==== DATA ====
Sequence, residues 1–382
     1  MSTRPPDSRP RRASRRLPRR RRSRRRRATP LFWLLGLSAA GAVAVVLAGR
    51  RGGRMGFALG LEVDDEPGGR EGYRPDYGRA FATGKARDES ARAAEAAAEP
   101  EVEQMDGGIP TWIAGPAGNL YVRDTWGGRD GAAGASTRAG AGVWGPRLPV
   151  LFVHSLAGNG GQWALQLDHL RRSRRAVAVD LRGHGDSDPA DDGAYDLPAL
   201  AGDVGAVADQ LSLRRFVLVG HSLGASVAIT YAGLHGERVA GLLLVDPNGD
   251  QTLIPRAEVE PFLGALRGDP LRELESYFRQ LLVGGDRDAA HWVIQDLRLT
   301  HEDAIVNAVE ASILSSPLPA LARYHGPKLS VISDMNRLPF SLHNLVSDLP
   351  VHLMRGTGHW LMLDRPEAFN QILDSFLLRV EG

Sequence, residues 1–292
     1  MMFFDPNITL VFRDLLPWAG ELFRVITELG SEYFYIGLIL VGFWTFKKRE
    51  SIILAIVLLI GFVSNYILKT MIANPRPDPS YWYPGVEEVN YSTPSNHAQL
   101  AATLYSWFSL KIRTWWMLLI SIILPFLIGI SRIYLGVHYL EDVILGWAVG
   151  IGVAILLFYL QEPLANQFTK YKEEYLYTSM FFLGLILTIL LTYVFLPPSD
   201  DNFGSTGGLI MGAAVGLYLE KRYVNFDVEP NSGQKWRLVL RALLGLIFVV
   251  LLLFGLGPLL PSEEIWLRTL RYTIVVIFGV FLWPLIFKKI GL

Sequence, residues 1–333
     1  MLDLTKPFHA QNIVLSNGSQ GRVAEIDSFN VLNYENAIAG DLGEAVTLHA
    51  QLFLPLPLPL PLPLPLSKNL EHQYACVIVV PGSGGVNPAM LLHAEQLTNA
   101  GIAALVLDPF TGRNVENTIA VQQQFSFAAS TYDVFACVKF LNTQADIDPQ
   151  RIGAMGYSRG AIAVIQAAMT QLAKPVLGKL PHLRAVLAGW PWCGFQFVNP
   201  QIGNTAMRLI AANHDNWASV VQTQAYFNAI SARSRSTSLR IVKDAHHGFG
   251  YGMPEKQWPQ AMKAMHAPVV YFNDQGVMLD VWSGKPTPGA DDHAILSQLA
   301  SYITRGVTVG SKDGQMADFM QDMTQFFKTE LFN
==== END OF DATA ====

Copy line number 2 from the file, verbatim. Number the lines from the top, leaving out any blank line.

     1  MSTRPPDSRP RRASRRLPRR RRSRRRRATP LFWLLGLSAA GAVAVVLAGR